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I wanted to remove duplicate lines from a file based on a column. A quick search let me this page which had the following solution:

awk '!x[$1]++' filename

It works, but I am not sure how it works. I know it uses associate arrays in awk but I am not able to infer anything beyond it.


Thanks everyone for the explanation. With my new knowledge, I have wrote a blog post with further explanation of how it works.

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1 Answer 1

up vote 3 down vote accepted

That awk script !x[$1]++ fills an array named x. Suppose the first word ($1 refers to the first word in a line of text) in a line of text is line1. It effectively results in this operation on the array:


The "index" (the key) of the array is the text encountered in the file (line1 in this example), and the value associated with that key is an integer that is incremented by 1.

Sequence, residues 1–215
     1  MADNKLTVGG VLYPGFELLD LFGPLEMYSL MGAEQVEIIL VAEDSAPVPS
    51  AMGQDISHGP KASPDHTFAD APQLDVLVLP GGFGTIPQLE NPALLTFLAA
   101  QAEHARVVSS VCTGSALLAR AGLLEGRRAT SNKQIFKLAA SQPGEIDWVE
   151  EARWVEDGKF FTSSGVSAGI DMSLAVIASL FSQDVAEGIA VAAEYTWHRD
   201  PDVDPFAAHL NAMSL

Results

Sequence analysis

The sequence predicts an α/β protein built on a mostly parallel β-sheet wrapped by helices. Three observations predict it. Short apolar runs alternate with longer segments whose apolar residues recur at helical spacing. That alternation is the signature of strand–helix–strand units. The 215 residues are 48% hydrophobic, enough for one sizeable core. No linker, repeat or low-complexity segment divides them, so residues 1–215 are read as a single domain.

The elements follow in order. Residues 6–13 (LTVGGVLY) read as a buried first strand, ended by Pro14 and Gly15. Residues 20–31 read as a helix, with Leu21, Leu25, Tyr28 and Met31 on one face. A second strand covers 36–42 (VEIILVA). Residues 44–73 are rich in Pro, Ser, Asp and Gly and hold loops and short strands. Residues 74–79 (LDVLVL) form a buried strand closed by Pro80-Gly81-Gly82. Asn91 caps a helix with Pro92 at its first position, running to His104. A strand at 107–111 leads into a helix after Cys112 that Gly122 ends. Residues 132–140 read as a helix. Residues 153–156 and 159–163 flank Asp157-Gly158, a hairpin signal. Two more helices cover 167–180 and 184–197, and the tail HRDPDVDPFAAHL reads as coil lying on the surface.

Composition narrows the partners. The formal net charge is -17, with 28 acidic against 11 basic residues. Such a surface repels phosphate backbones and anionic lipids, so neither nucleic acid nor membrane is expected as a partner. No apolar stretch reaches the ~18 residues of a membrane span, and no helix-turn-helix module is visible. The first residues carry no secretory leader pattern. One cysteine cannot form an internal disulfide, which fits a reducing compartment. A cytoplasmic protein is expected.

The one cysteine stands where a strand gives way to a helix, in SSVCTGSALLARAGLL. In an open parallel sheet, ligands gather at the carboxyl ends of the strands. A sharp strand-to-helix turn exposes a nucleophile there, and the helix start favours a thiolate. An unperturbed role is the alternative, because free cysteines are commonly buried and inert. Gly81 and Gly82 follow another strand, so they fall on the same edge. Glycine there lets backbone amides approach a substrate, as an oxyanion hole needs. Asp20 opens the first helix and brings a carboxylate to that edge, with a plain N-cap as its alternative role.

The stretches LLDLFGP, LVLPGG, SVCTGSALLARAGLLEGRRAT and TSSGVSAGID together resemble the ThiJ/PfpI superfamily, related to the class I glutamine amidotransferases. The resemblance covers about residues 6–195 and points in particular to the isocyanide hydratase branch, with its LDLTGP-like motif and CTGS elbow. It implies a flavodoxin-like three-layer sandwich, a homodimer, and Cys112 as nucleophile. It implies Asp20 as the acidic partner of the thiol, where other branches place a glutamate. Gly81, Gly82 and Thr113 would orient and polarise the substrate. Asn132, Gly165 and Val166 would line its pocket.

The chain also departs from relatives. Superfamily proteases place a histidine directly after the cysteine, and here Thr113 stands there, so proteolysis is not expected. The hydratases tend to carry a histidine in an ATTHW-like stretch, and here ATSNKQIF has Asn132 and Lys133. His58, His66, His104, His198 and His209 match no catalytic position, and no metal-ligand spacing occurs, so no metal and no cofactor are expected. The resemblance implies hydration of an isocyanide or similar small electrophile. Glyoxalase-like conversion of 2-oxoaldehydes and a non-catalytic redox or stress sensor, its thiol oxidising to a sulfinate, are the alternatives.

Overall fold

When a unique line of text is encountered, the current value of the array is zero, which is then post-incremented to 1. The not operator ! evaluates to non-zero (true) for each new unique line of text and so prints it. The next time the same value is encountered, the value in the array is non-zero and so the not operation results in zero (false), so the line is not printed.

A less "clever" way of writing the same thing (but possibly more clear and less fun) would be this:

if (x[$1] == 0 ) 
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Thanks for the explanation. So if the awk expression is going to return true, then the line will be printed and we don't have to explicitly call print? And also x here is just a variable name which can be replaced with anything else right? –  Sudar Mar 14 '13 at 19:50
Yes, you are correct on both assumptions. –  Mark Wilkins Mar 14 '13 at 19:53

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